Mercedes-Benz has made history by offering its Drive Pilot system, the world's first certified SAE Level 3 automated driving system. The system will be available on select models of the S-Class and Mercedes-Benz EQS and will allow drivers to take their hands off the wheel and eyes off the road in certain traffic situations while the car takes over the driving tasks.
What is SAE Level 3?
The Society of Automotive Engineers (SAE) is an international organization that defines the standards and levels of driving automation for motor vehicles. According to the SAE, there are six levels of driving automation, ranging from Level 0 (no automation) to Level 5 (full automation). Level 3, also known as conditional driving automation, is defined as:
The sustained and ODD-specific performance by an ADS of the entire DDT under routine/normal operation with the expectation that the DDT fallback-ready user is receptive to ADS-issued requests to intervene, as well as to DDT performance-relevant system failures in other vehicle systems and will respond appropriately.
In simpler terms, this means that the Automated Driving System (ADS) can handle all the driving functions within a limited domain of operability (e.g., certain road types, speeds, weather conditions, or within a prescribed geographic area), but the driver must always be ready to take over if the system requires assistance or stops working effectively.
How does Drive Pilot work?
Drive Pilot is based on the existing Driver Assistance Package that Mercedes-Benz offers on its vehicles, which includes features such as Distronic adaptive cruise control, Active Steering Assist, Active Lane Change Assist, and Active Emergency Stop Assist. However, Drive Pilot goes beyond these Level 2 features by enabling the driver to delegate the driving responsibility to the system under specific conditions.
Drive Pilot can only be activated on highways that have been mapped using high-definition, centimeter-accurate GPS and that have clear lane markings. The system also requires a lead vehicle in the same lane and will not exceed 40 mph. Drive Pilot will not work at night, in tunnels, or in adverse weather conditions. The system is currently only authorized and available in California and Nevada, where Mercedes-Benz has conducted extensive testing and validation.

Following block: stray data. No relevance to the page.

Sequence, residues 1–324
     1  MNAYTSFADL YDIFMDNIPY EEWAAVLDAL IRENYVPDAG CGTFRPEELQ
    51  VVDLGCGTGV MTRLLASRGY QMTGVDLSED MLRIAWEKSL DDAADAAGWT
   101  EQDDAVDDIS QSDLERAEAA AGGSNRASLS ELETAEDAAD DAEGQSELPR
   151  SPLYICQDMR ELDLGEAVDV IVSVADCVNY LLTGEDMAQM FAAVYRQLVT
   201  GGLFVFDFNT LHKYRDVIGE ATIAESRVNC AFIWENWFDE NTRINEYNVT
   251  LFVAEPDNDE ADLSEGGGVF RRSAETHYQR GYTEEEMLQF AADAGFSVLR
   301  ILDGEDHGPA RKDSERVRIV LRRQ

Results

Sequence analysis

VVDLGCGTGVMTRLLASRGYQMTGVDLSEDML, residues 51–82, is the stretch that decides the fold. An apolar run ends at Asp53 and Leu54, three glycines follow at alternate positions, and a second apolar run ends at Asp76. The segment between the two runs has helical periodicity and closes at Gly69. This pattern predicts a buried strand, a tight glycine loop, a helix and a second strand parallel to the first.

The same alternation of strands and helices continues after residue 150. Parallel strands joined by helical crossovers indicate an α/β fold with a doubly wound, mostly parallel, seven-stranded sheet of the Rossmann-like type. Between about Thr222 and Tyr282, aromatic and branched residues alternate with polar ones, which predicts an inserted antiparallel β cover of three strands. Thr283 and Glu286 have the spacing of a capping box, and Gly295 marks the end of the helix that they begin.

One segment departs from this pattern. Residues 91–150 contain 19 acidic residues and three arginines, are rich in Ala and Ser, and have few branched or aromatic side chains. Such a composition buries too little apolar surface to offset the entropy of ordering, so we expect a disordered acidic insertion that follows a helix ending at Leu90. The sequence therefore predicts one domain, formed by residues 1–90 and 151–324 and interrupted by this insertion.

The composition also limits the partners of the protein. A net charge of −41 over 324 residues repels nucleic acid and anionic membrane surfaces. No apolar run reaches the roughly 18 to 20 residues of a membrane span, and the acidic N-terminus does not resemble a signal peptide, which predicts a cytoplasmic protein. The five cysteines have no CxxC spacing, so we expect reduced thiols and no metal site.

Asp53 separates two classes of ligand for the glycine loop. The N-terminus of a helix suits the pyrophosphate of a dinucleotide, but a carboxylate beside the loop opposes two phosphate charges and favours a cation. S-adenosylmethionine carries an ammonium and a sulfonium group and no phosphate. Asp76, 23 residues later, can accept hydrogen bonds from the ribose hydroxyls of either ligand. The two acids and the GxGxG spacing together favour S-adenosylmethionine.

When the Drive Pilot is engaged, the driver can relax and enjoy the ride without having to keep their hands on the wheel or their eyes on the road. The system monitors the traffic situation and the vehicle surroundings using a combination of cameras, radar, lidar, and ultrasonic sensors. The system also communicates with the cloud and other vehicles via Car-to-X technology, which provides real-time information and warnings about traffic jams, accidents, road works, or hazards.
The driver can use the time freed up by Drive Pilot to access various entertainment and information options on the car's Hyperscreen infotainment system, such as watching videos, playing games, browsing the internet, or reading books. The system also offers remote support functionality, such as Remote Parking Assist and Remote Retrieval Assist, which allow the driver to park or summon the car using a smartphone app.
However, the driver must always remain alert and ready to resume vehicle control if the system requests to intervene. This can happen if the system detects a situation that exceeds its capabilities, such as a lane closure, a police stop, or a system failure. The system will alert the driver using visual, auditory, and haptic signals and will give the driver a reasonable amount of time to respond. If the driver fails to respond, the system will initiate an emergency maneuver, such as slowing down, activating the hazard lights, and moving to the shoulder or the nearest safe spot.
What are the benefits and challenges of Drive Pilot?